I watched last night’s State of Origin match with a neighbour mate of mine. While we live in Melbourne, we’re both originally from New South Wales.
He’s converted a little area at the back of his place into a ‘man cave’ — a bare room with no heating, an old lounge and a TV. Perfect.
The result was obviously disappointing. NSW paid the price for some poor selections in key positions. There will be changes!
Anyway, the point of telling you this story is that, at half-time, my mate and I were discussing work. He works in logistics for a multinational consumer brands company. The directive from head office in Europe is to cut costs all over the world. The Australian operations have already seen job cuts. And there will be more.
They’re also cutting advertising expenditure, which is weird if you’re trying to grow revenues. It suggests these companies are in structural decline, or that traditional advertising is no longer generating adequate returns on investment.
My mate is also a close follower of financial markets. While not an expert, he has direct share investments in his superannuation fund so he follows things closely.
He asked me, quite incredulously, how the market could be so high and expensive in such a low-growth world. He was wary about continuing to hold stocks when they were so expensive.
This goes back to yesterday’s topic where I said the game was rigged. It’s not fair that savers are penalised for their hard work and thrift with negative real interest rates.
It’s not fair. But that’s the way it is. You have to deal with reality, not with what you think should be the case based on ‘fairness’ and notions of morality.
I told my mate the stock market looked expensive based on traditional valuation measures. But I also said there was an entirely rational reason for that.
The alternative is even more expensive
I explained that Aussie government 10-year bond yields recently traded below 1.5%. That’s a price-to-earnings multiple of 66-times! So Aussie stocks, at around 16-times earnings, don’t look that expensive to the pension fund manager trying to generate their 7% annual return (or whatever it is).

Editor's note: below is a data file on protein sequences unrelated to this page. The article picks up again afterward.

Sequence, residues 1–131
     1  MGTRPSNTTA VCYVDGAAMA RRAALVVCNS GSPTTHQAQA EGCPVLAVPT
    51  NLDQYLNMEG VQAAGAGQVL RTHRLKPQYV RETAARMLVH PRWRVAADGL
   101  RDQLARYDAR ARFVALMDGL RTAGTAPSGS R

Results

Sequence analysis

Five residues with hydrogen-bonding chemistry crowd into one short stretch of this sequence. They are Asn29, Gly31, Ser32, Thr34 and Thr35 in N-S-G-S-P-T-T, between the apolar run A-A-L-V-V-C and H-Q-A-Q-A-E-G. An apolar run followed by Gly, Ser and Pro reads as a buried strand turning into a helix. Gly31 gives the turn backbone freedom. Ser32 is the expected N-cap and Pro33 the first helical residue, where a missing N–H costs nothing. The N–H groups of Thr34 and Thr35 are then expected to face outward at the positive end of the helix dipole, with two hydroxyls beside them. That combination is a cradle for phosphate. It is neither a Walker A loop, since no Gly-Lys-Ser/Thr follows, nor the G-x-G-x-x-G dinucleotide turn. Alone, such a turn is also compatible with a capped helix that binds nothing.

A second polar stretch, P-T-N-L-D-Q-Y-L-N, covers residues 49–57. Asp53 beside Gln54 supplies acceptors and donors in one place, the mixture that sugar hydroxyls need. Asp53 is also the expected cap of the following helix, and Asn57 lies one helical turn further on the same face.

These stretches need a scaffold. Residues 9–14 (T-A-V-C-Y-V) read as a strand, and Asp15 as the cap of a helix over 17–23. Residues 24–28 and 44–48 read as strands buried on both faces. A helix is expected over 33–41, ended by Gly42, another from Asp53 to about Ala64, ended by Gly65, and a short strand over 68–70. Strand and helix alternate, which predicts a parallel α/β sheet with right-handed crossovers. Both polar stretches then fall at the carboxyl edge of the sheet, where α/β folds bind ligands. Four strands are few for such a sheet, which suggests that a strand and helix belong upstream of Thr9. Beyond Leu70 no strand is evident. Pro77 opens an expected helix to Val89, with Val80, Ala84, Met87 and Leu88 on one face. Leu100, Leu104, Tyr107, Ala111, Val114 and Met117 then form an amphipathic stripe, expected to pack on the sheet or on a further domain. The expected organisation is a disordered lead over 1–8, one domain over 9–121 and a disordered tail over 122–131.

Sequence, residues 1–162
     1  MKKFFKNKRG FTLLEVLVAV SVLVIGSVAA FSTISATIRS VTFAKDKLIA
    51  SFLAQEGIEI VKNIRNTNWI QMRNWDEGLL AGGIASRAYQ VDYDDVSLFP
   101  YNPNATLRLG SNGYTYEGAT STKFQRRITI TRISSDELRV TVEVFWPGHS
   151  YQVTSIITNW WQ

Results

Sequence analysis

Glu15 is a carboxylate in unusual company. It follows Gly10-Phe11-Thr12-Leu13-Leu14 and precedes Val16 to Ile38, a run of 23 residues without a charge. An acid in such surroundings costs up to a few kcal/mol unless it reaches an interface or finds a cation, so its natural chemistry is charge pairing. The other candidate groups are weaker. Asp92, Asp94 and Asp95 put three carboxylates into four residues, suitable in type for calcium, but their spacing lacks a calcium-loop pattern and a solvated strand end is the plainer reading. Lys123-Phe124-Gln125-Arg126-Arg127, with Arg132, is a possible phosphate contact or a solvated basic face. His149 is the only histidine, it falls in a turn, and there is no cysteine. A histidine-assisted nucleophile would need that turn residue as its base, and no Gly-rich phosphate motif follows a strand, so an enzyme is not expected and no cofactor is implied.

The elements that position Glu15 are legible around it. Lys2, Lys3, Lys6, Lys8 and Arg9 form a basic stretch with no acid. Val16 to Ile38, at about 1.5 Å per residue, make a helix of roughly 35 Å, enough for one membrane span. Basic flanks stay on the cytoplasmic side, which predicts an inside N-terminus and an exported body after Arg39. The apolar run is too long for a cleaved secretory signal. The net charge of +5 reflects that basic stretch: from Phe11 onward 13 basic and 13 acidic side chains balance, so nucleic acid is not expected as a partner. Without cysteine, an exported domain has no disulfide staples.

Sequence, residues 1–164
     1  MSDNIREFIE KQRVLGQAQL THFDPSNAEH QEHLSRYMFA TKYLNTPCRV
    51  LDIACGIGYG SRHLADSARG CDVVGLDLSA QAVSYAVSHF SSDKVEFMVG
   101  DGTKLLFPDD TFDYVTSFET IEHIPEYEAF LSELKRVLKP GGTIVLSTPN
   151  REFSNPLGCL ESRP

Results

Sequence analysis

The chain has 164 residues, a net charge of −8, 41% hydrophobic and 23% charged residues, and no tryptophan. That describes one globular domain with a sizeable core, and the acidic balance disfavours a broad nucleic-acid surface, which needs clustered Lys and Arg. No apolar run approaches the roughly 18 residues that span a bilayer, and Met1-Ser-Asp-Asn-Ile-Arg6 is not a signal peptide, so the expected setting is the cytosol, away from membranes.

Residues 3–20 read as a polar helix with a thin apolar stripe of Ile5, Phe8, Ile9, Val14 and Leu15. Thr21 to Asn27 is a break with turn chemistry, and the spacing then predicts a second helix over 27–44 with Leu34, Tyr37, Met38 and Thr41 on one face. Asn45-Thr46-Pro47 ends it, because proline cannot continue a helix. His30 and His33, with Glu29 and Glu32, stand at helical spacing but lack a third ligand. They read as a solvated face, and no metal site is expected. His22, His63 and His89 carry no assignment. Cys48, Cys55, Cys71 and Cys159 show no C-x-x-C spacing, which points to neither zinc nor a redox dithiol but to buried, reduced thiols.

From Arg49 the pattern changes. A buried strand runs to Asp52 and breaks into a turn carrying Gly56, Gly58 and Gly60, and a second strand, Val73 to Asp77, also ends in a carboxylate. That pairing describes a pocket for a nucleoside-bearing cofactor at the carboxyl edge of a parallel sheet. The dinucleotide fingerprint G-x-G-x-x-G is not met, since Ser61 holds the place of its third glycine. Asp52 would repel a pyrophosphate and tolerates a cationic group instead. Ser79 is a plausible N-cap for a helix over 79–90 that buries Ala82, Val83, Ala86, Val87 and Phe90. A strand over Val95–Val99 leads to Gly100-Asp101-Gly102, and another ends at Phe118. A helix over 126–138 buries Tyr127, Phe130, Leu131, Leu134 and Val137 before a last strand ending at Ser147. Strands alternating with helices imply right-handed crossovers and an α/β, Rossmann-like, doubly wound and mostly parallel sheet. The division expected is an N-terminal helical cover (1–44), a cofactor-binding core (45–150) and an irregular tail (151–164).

As long as stocks can avoid profit downgrades, share prices are likely to remain at historically high levels. And therein lies the catch. Stocks justify being ‘expensive’ as long as the economy holds up and sustains company earnings growth. But if it slows to the point where widespread earnings downgrades start to kick in, then the market will sell off sharply.
Capital will flee back to the safety of the bond market, seeking safety from earnings downgrades. In that environment, a tiny guaranteed return is better than the potential loss of capital.
When I explained this, my mate realised his predicament. Damned if he does, damned if he doesn’t.
This is what idiotic central banking does. It forces risk-taking behaviour upon individuals who should not be taking such risks. And it works at both ends of the spectrum.
That is, people trying to live off their savings have to take more risks with their capital, opening up the possibility that they may sustain a permanent loss.
And those who are at the start of their wealth building phase have to risk taking on more debt than is prudent, simply because everyone else is doing it due to low interest rates, and if they don’t too, they’ll be left behind.
Of course, if you lose your job in this situation and can’t service the debt, you’re in all sorts of trouble. Not that the RBA gives a damn. They look at the risks to inflation, not humans.
At least that’s the case when they’re setting policy. When they leave Martin Place (the home of the RBA) they seem to come to their senses. For example, in today’s Financial Review, former Deputy Governor of the Reserve Bank, Stephen Greenville, writes that the inflation targeting mandate of the RBA no longer makes sense:
‘When the inflation-targeting framework was put in place in Australia a quarter of a century ago, inflation was sensitive to shifts in the exchange rate, wages, economic activity and sentiment. Now monetary policy operates in a different environment, with different inflation processes.
‘China has become low-cost manufacturer-to-the world; globalisation has widened supply sources; the digital revolution has enhanced competition; and wage-setting institutions have changed. Not least, the success of inflation targeting has anchored inflation expectations, flattening the Phillips curve which links unemployment with wages and inflation.
‘Inflation no longer gives a clear reading of whether the economy is operating at full capacity.’
Even someone as simple as me knows this. I wrote about it in yesterday’s Rum Rebellion and Australian Tribune. The RBA is clearly too smart to see simple truths.
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